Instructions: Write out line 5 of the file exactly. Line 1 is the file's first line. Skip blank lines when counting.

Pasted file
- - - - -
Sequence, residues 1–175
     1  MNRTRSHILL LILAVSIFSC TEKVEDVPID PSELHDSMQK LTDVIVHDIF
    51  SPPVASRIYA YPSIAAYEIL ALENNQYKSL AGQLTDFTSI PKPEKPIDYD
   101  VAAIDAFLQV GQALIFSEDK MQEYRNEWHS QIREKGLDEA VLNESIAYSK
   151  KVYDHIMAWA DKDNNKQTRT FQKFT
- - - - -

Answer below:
   151  KVYDHIMAWA DKDNNKQTRT FQKFT